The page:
On Adversarial Robustness: A Neural Architecture Search perspectiveChaitanya Devaguptapu,
and Vineeth N BalasubramanianIn Workshops on Neural Architecture Search, Responsible AI, From Shallow to Deep: Overcoming Limited and Adverse Data (S2D-OLAD) and Robust and Reliable ML in real world at ICLR
Adversarial robustness of deep learning models has gained much traction in the last few years. Various attacks and defenses are proposed to improve the adversarial robustness of modern-day deep learning architectures. While all these approaches help improve the robustness, one promising direction for improving adversarial robustness is un-explored, i.e., the complex topology of the neural network architecture. In this work, we answer the following question: "Can the complex topology of a neural network give adversarial robustness without any form of adversarial training?" empirically by experimenting with different hand-crafted and NAS based architectures. Our findings show that, for small-scale attacks, NAS-based architectures are more robust for small-scale datasets and simple tasks than hand-crafted architectures. However, as the dataset’s size or the task’s complexity increase, hand-crafted architectures are more robust than NAS-based architectures. We perform the first large scale study to understand adversarial robustness purely from an architectural perspective. Our results show that random sampling in the search space of DARTS (a popular NAS method) with simple ensembling can improve the robustness to PGD attack by nearly 12%. We show that NAS, which is popular for SoTA accuracy, can provide adversarial accuracy as a free add-on without any form of adversarial training. Our results show that leveraging the power of neural network topology with methods like ensembles can be an excellent way to achieve adversarial robustness without any form of adversarial training. We also introduce a metric that can be used to calculate the trade-off between clean accuracy and adversarial robustness.
Active Learning (AL) techniques aim to minimize the training data required to train a model for a given task. Pool-based AL techniques start with a small initial labeled pool and then iteratively pick batches of most informative samples for labeling. Generally, the initial pool is sampled randomly and labeled to seed the AL iterations. While recent‘ studies have focused on evaluating the robustness of various query functions in AL, little to no attention has been given to the design of initial labeled pool. Given the recent successes of learning representations in self-supervised/unsupervised ways, we propose to study if an \textitintelligently sampled initial labeled pool can improve deep AL performance. We will investigate the effect of intelligently sampled initial labeled pools, including the use of self-supervised and unsupervised strategies, on deep AL methods. We describe our experimental details, implementation details, datasets, performance metrics as well as planned ablation studies in this proposal. If intelligently sampled initial pools improve AL performance, our work could make a positive contribution to boosting AL performance with no additional annotation, developing datasets with lesser annotation cost in general, and promoting further research in the use of unsupervised learning methods for AL.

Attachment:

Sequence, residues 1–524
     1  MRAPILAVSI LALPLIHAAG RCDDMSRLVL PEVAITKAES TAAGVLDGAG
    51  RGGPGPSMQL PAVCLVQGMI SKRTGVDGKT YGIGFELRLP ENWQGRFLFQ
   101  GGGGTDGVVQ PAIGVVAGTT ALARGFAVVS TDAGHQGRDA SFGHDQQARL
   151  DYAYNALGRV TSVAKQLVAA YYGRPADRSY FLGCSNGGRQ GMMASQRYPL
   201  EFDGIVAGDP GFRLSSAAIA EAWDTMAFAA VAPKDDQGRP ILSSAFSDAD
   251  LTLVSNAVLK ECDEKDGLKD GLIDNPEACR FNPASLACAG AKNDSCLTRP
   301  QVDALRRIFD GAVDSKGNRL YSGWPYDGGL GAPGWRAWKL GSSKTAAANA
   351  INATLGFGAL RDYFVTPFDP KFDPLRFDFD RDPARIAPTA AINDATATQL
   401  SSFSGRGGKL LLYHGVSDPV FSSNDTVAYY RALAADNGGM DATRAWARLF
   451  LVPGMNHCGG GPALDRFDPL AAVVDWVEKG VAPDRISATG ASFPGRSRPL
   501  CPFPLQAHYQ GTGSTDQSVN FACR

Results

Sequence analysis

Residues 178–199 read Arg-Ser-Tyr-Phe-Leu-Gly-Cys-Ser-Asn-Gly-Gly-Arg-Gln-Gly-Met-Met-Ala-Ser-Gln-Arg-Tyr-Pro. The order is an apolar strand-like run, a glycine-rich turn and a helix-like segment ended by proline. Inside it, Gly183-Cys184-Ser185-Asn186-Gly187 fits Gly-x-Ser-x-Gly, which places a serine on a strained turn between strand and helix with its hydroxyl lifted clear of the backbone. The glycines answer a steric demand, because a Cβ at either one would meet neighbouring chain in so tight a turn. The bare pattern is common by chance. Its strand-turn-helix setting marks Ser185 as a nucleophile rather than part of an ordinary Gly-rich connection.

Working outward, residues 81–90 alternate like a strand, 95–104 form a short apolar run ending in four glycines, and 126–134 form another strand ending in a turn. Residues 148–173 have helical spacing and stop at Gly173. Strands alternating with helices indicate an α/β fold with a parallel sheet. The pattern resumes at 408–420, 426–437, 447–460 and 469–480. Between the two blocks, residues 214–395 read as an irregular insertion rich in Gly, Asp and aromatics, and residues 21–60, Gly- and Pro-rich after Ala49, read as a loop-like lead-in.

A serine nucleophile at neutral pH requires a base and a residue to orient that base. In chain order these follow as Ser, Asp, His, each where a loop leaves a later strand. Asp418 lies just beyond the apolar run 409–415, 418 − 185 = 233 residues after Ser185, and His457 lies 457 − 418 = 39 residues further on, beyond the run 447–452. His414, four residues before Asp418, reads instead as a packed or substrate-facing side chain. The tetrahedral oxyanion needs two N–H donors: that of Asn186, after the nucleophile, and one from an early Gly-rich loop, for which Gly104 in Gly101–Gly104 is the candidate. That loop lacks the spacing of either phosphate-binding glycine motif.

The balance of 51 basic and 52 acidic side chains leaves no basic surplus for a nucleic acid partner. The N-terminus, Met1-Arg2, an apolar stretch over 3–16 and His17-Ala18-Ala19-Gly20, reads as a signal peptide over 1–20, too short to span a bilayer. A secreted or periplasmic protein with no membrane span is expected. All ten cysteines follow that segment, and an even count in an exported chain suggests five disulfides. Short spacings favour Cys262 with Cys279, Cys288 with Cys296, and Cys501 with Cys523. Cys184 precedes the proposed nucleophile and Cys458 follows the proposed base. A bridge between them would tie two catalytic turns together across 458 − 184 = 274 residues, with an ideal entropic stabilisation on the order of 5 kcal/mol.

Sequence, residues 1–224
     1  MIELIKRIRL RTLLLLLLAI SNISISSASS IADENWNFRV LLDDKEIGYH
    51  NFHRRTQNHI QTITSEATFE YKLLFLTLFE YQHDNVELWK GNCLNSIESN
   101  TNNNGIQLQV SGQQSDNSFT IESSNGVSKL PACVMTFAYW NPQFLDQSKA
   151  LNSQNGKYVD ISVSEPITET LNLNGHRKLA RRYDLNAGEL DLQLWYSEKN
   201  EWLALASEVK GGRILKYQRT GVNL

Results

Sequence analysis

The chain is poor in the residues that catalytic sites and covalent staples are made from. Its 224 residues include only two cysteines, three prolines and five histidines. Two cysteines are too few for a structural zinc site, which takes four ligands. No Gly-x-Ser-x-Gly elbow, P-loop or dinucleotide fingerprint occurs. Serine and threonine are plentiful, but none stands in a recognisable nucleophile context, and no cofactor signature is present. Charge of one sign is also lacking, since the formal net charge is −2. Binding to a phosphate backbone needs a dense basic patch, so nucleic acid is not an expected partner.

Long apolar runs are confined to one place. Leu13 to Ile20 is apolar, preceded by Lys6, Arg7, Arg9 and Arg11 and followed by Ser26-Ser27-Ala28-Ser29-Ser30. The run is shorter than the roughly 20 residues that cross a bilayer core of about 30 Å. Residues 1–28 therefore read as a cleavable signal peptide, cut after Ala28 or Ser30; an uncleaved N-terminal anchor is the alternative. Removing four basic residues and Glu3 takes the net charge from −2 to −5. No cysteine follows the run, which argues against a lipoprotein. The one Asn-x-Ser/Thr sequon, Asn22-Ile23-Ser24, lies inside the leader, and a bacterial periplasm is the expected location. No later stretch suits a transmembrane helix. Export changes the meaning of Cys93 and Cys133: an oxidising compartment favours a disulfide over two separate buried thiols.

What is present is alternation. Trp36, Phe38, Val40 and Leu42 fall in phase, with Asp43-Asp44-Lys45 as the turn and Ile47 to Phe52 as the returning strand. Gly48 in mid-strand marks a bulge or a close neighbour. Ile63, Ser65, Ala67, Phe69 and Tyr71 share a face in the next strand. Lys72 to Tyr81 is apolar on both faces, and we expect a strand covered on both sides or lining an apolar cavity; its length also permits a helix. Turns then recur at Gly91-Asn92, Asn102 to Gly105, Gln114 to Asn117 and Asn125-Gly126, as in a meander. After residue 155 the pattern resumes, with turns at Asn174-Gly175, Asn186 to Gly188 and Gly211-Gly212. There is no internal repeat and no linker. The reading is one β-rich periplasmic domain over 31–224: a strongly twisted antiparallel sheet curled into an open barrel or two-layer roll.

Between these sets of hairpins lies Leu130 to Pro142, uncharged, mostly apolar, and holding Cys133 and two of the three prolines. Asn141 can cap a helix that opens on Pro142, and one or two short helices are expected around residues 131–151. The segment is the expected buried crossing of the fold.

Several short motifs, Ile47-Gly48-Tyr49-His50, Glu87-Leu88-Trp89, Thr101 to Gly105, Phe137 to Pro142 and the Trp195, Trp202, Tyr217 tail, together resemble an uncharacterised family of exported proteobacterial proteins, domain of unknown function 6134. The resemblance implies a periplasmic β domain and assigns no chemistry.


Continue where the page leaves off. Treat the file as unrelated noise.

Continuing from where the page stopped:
Borrow From Anywhere: Pseudo Multi-Modal Object Detection in Thermal ImageryChaitanya Devaguptapu,
Manuj M Sharma,
and Vineeth N BalasubramanianIn The IEEE Conference on Computer Vision and Pattern Recognition (CVPR) Workshops
Can we improve detection in the thermal domain by borrowing features from rich domains like visual RGB? In this paper, we propose a ‘pseudo-multimodal’ object detector trained on natural image domain data to help improve the performance of object detection in thermal images. We assume access to a large-scale dataset in the visual RGB domain and relatively smaller dataset (in terms of instances) in the thermal domain, as is common today. We propose the use of well-known image-to-image translation frameworks to generate pseudo-RGB equivalents of a given thermal image and then use a multi-modal architecture for object detection in the thermal image. We show that our framework outperforms existing benchmarks without the explicit need for paired training examples from the two domains. We also show that our framework has the ability to learn with less data from thermal domain when using our approach.